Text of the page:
Intentional policy action is necessary to correct the systemic and institutional barriers facing Black Americans.Economic mobility in the United States has been declining over the past half-century at the same time that economic inequality has been rising. Research by Harvard University economist and former Equitable Growth Steering Committee member Raj Chetty and his co-authors shows that rates of absolute intergenerational mobility have precipitously declined in the country during the latter part of the 20th century. People born in 1940 had about a 90 percent chance of growing up to earn more than their parents, but people born in 1980 had only about a 50 percent chance. Chetty also finds that Black Americans are more likely to experience downward mobility than White Americans,
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Economic mobility in the United States has been declining over the past half-century at the same time that economic inequality has been rising. Research by Harvard University economist and former Equitable Growth Steering Committee member Raj Chetty and his co-authors shows that rates of absolute intergenerational mobility have precipitously declined in the country during the latter part of the 20th century. People born in 1940 had about a 90 percent chance of growing up to earn more than their parents, but people born in 1980 had only about a 50 percent chance. Chetty also finds that Black Americans are more likely to experience downward mobility than White Americans, and that differences in family education, wealth, and marriage patterns cannot explain this Black-White mobility divide.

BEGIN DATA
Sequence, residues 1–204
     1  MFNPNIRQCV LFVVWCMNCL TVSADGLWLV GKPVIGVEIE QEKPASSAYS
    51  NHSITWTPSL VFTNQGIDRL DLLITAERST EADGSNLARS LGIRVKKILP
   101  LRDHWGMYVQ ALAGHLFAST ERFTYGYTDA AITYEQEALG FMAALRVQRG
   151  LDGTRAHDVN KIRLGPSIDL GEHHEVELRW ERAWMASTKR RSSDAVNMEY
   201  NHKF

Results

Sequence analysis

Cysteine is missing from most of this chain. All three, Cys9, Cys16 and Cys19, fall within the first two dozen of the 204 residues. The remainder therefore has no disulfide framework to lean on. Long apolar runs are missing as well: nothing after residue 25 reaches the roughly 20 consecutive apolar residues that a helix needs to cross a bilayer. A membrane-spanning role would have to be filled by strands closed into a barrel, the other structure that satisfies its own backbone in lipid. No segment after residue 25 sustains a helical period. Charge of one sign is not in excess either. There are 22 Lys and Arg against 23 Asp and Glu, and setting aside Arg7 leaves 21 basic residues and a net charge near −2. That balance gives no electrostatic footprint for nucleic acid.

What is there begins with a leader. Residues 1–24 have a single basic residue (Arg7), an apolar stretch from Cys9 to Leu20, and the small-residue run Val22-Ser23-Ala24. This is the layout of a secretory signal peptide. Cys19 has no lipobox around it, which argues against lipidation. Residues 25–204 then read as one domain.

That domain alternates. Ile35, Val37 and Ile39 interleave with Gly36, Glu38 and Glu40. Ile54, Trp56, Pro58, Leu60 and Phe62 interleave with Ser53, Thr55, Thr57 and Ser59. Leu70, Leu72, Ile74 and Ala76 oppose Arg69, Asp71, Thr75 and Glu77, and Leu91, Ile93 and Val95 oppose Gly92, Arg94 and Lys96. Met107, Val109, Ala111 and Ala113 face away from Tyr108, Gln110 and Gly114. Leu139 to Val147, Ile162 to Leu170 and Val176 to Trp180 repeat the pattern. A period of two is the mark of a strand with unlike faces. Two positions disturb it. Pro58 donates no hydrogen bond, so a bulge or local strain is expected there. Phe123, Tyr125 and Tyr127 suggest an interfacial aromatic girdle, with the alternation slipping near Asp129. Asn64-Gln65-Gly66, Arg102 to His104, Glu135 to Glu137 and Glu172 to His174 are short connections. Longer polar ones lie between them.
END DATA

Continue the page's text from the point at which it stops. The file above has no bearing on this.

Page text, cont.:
Intentional policy action is necessary to correct these systemic and institutional barriers facing Black Americans. Just as government policy helped create these racial disparities in the first place via legalized discrimination, redlining of housing, and the often discriminatory impact of the criminal justice system and incarceration, policies are needed now to promote mobility and begin to address the legacies of these racially discriminatory structures. These policy solutions include:
- Improving family income security by expanding refundable tax credits and by fully funding Section 8 Housing Choice Vouchers to make them available to all who qualify
- Supporting wealth accumulation for low-wealth families, such as through proposals for “baby bonds”
- Addressing racial inequities in credit access and student debt
- Redirecting public investment from the criminal justice system to education and social services
These policies can be implemented at the federal level, such as through reforms to the Community Reinvestment Act to improve access to credit and reforms to the Department of Education’s stewardship of student loans, as well as at the state and local level through budgetary decisions related to police, prison, and education funding.
This post features graphics on Black-White disparities in wages, intergenerational mobility, wealth, homeownership, incarceration, and health. The post demonstrates how policy decisions and racial discrimination created and continue to perpetuate economic disparities between White and Black Americans and offers policies to address the structural barriers driving these disparities.